On the Trail of ...Paul Dubrule

15,250 Km … on a bike … at the age of 67! True or not true? True!


It really is true. In 2002 Paul Dubrule, co-founder of the Accor Hotel chain, got on his bike and rode. He was then, and still is, a keen cyclist, but this was no ordinary bike ride. He was setting off, at the age of 67 as mentioned, to ride from Paris to Angkor in Cambodia, a distance of 16,500 Km. The journey lasted 8 months and for two of those months he was cycling continuously at an altitude above 5,000 metres.

The reason?

The story is told in the book "Paris/Angkor Itinéraire d'un Défi" (Paris/Angkor - the Story of a Challenge} in the words of the participants - he was accompanied by Expedition Chief Georges Schaller and Journalist and keen cyclist Laurent Mélikian in 2  4-wheel drives converted into camper vans - and in all of their many, many photos. At the time Paul, having spent his career in the hotel business, was setting up a hotel training school in the Siem Reap province of Cambodia and, being a keen cyclist, challenged himself to travel there from Paris by bike arriving in time for the opening of the school in October of that year. He travelled through Western and Eastern Europe, Russia, countries of the former Soviet Union, Tibet, China and South East Asia. He arrived on time, and the school still exists.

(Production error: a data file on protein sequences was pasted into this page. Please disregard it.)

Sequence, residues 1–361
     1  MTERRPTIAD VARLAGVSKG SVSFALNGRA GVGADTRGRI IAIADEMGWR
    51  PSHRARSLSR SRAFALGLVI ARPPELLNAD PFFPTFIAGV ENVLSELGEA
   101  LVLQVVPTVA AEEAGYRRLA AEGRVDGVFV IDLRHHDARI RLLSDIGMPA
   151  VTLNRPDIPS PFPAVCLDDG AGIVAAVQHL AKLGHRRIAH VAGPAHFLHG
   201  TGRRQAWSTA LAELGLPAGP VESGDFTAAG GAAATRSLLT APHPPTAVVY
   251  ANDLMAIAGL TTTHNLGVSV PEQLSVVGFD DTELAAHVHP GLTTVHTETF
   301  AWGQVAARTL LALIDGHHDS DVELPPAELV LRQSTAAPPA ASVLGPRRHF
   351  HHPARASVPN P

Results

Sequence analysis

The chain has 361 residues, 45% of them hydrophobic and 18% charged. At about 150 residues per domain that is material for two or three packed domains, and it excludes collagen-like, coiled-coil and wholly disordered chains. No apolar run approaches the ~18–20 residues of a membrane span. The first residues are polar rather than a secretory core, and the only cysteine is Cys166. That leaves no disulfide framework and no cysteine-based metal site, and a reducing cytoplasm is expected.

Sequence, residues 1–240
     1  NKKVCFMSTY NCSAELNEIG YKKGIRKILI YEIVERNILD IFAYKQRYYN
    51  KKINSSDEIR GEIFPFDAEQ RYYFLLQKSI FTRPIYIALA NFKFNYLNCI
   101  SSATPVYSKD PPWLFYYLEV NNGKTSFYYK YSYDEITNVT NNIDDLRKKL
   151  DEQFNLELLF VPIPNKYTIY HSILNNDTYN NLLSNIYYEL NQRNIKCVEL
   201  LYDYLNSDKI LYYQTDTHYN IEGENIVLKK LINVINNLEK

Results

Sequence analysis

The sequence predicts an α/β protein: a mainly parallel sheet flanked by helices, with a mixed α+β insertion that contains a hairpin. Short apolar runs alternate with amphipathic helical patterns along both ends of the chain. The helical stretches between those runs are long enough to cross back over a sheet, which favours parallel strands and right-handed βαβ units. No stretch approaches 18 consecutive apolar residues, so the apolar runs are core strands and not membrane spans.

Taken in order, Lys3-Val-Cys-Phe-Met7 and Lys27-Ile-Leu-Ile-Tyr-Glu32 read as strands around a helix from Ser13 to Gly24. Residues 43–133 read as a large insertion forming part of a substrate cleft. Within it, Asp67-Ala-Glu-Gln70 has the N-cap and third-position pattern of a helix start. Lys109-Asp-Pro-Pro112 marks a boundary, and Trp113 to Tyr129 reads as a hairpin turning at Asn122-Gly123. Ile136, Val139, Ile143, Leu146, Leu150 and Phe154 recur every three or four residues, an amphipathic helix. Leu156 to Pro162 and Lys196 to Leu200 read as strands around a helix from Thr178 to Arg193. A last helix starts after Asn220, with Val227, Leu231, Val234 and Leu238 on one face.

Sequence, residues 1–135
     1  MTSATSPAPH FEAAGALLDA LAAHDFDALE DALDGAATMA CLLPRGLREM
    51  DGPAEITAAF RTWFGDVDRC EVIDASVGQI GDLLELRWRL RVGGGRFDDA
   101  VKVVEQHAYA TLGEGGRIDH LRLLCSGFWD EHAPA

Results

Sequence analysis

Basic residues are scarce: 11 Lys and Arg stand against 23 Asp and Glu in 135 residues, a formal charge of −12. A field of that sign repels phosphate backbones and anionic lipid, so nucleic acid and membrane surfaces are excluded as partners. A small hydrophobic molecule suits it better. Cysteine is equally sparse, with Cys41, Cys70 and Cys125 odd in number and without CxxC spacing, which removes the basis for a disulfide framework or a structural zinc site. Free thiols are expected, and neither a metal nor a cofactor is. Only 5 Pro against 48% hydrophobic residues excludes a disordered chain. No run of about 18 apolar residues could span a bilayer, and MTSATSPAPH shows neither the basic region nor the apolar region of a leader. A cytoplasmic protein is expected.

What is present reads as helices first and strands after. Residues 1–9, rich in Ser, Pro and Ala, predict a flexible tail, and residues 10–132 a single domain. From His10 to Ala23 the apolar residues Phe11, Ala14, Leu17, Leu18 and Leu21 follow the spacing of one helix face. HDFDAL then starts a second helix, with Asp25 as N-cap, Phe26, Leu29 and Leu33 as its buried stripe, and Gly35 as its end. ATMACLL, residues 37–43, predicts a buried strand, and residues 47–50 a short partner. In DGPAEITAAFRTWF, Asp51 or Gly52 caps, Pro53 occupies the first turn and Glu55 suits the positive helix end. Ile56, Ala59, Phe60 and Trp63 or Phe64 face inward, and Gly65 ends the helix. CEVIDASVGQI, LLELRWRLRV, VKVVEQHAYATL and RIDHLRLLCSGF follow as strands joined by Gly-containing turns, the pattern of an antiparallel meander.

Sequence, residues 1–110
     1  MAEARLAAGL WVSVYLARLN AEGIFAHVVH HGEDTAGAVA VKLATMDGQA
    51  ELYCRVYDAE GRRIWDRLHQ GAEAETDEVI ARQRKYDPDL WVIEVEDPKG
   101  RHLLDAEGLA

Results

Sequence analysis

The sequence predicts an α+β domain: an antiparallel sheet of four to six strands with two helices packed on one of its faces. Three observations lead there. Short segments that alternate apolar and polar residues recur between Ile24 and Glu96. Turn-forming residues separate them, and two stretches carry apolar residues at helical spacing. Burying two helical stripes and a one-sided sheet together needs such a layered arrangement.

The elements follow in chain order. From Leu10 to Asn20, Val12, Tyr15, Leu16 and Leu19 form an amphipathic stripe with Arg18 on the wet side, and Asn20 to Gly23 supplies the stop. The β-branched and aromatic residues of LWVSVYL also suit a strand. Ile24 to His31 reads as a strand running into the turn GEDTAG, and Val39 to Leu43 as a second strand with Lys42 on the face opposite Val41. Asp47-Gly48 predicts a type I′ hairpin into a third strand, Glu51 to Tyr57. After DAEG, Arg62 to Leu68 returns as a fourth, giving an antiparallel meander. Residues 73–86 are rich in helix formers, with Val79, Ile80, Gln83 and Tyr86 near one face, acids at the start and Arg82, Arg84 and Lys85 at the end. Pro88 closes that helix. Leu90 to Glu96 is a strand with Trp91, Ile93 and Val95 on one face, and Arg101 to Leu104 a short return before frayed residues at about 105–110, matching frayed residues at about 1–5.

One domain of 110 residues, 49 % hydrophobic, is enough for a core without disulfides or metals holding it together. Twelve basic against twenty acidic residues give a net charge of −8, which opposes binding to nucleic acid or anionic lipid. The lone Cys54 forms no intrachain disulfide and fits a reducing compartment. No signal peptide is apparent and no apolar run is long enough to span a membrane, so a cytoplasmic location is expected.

More recently, another of his cycling achievements has been to cycle from Val d'Isère (altitude 1850m) up to the Col de l'Iseron (alt 2750m) ON SNOW!

Many thanks to Véronique and Alain, owners of the Pré d'Aval restaurant in Val d'Isère, who loaned us the book. They are friends of Paul Dubrule's, and with luck we will at some point be able to interview M Dubrule about his life and the part sport has played in it. But in the meantime, there is his book "Paris / Angkor Itinéraire d'un Défi" to read, and some of the letters (english translation) that he wrote during the journey can be found here and click on the image of the book.

Just think about it - 15,250 Km, 250 days in the saddle, 3 million pedal pushes and those two months at 5,000+m of altitude - wow.